"I wanted to be an artist. I wanted to be darkly beautiful and have brilliant dangerous friends and spend afternoons reading alone. But I was 12. Being that age means surveillance, the world seen only through supervised activities that mediate between you and all that’s interesting. I couldn’t make friends. I couldn’t stay awake during class. I failed to be what I should have been. All the strictures of childhood prevented me from becoming what I wanted to become.

When I see a kid getting tattoos, listening to violent songs, smoking weed, or playing games shellacked in gore, I see a kid trying to find their own place in the world. Some place authority, however kind or cruel, hasn’t touched.

I rebelled because I was a child and I wanted to be human…

I was the only kid who wouldn’t stand for the pledge of allegiance. The teachers had me wait outside the classroom, where my heart pounded with the adrenaline of minor disobedience. I wrote to the anarchist prisoners whose zines I found through Factsheet Five. During class, I devoured the antiauthoritarian canon—Marquis de Sade, and Maximum Rock ‘n’ Roll, and Revolutionary Suicide. Books hid neatly under my desk. Teachers didn’t like when I read during lectures. Their first punishments were in-school suspensions: a day staring at the walls of a windowless room, no books allowed. When your brain isn’t occupied, minutes expand to centuries. You can hallucinate a universe in your thumbnail…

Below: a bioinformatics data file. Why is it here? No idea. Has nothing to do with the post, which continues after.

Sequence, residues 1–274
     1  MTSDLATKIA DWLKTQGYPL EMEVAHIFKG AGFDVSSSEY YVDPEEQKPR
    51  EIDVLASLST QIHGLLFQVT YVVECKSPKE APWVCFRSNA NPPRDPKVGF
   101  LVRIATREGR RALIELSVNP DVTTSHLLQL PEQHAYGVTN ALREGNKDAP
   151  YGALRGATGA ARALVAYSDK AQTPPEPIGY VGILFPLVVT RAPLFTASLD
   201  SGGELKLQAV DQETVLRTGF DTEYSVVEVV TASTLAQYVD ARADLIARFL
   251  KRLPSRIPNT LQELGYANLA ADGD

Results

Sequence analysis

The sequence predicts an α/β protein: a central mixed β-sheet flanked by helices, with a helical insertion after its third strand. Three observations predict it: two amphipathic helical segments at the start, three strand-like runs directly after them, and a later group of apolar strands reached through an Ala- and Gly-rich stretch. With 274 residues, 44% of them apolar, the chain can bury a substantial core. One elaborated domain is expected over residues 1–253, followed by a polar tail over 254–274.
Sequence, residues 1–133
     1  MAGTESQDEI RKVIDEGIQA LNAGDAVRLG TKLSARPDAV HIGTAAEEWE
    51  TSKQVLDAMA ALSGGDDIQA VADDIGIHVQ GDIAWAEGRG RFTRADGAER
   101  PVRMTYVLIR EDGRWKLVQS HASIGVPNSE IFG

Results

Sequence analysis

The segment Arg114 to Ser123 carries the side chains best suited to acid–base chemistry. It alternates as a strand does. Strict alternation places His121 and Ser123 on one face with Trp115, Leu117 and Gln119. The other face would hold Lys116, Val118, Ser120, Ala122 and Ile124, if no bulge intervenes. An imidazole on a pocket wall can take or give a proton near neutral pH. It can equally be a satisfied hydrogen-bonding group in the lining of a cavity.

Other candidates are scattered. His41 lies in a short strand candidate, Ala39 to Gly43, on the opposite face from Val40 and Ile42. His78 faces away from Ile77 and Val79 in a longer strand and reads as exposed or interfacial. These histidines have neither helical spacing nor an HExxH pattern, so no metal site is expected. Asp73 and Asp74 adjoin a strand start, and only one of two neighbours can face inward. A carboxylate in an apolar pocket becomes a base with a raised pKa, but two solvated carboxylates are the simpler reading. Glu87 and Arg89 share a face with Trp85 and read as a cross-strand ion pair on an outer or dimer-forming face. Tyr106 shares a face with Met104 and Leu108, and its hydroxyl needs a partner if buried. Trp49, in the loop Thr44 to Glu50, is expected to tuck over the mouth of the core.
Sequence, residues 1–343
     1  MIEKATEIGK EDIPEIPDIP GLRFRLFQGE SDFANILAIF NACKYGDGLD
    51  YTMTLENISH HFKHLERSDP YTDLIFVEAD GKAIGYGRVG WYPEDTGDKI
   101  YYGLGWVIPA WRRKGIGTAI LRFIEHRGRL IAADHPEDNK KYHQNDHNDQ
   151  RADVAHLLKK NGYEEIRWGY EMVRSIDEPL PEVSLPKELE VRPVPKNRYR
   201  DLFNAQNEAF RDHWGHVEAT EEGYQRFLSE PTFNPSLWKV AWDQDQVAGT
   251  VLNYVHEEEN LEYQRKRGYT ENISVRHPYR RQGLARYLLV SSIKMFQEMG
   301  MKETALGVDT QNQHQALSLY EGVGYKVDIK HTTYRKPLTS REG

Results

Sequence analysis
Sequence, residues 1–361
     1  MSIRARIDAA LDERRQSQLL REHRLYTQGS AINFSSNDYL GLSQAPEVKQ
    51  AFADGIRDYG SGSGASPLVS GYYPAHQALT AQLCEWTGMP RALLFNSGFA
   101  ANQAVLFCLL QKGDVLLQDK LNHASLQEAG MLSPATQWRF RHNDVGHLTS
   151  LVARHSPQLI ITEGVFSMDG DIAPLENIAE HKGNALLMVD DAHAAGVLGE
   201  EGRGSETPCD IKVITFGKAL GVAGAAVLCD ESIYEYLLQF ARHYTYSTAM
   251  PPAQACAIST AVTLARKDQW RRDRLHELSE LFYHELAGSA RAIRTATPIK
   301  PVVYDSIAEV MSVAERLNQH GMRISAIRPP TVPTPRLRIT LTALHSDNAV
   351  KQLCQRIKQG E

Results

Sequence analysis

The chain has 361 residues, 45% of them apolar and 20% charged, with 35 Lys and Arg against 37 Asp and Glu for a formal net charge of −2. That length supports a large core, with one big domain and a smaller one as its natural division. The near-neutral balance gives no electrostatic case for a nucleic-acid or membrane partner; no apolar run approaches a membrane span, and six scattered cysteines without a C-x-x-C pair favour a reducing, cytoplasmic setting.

Our principal, Dr. K, was thin and unctuous and admired how Japanese students bowed to their teachers. Bowing wasn’t my thing.

I wanted to be as bad as Dr. K said I was. I wanted to be hardened and unafraid before authorities to whom I was supposed to defer. Anything I know about swagger, I learned as a twelve-year-old in a room full of adults who’d labelled me profoundly troubled. Don’t give them satisfaction. Keep your back straight. Meet their eyes.

When I remember that year, no stereotypical adolescent crimes stick out. I didn’t fight or get caught shoplifting, and I never had enough friends to score drugs. Instead I refused to change out of an anarchist T-shirt. I painted my palm green before a presentation. I had a bottle of White Out. I read War and Peace during math class. When I didn’t bring sweats to gym, I told the teacher that to make excuses would imply I that I cared about her opinion. I drew violent pictures in the ballpoint style of Babygoth Baroque.

In the guidance councilor’s office, Mrs. S would emote at me, eyes moist with false concern. She’d ask me why I was so angry.

I was angry because I was 12.

The right way for a white girl to be angry is to turn her anger inwards. She should be a victim, like the patients in Reviving Ophelia, a psychiatrist’s late-90s textbook on broken girlhood. She should starve or cut or blow boys who treat her badly. A crusading shrink should scoop her up, and return her to good grades, tasteful clothes, and happiness—heart and hymen intact.